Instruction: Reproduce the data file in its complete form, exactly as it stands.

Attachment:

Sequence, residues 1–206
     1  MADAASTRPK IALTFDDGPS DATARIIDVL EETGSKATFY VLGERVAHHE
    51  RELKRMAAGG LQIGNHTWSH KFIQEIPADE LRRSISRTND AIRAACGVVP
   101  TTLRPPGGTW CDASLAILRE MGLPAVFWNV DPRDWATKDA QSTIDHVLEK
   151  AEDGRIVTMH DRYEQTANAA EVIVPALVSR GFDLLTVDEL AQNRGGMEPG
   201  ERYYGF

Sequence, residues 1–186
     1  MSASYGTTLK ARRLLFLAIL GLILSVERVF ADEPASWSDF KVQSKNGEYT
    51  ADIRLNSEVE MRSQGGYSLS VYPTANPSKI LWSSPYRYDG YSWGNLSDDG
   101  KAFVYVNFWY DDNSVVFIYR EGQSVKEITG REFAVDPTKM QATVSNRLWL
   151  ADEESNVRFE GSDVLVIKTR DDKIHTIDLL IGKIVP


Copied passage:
Sequence, residues 1–206
     1  MADAASTRPK IALTFDDGPS DATARIIDVL EETGSKATFY VLGERVAHHE
    51  RELKRMAAGG LQIGNHTWSH KFIQEIPADE LRRSISRTND AIRAACGVVP
   101  TTLRPPGGTW CDASLAILRE MGLPAVFWNV DPRDWATKDA QSTIDHVLEK
   151  AEDGRIVTMH DRYEQTANAA EVIVPALVSR GFDLLTVDEL AQNRGGMEPG
   201  ERYYGF

Sequence, residues 1–186
     1  MSASYGTTLK ARRLLFLAIL GLILSVERVF ADEPASWSDF KVQSKNGEYT
    51  ADIRLNSEVE MRSQGGYSLS VYPTANPSKI LWSSPYRYDG YSWGNLSDDG
   101  KAFVYVNFWY DDNSVVFIYR EGQSVKEITG REFAVDPTKM QATVSNRLWL
   151  ADEESNVRFE GSDVLVIKTR DDKIHTIDLL IGKIVP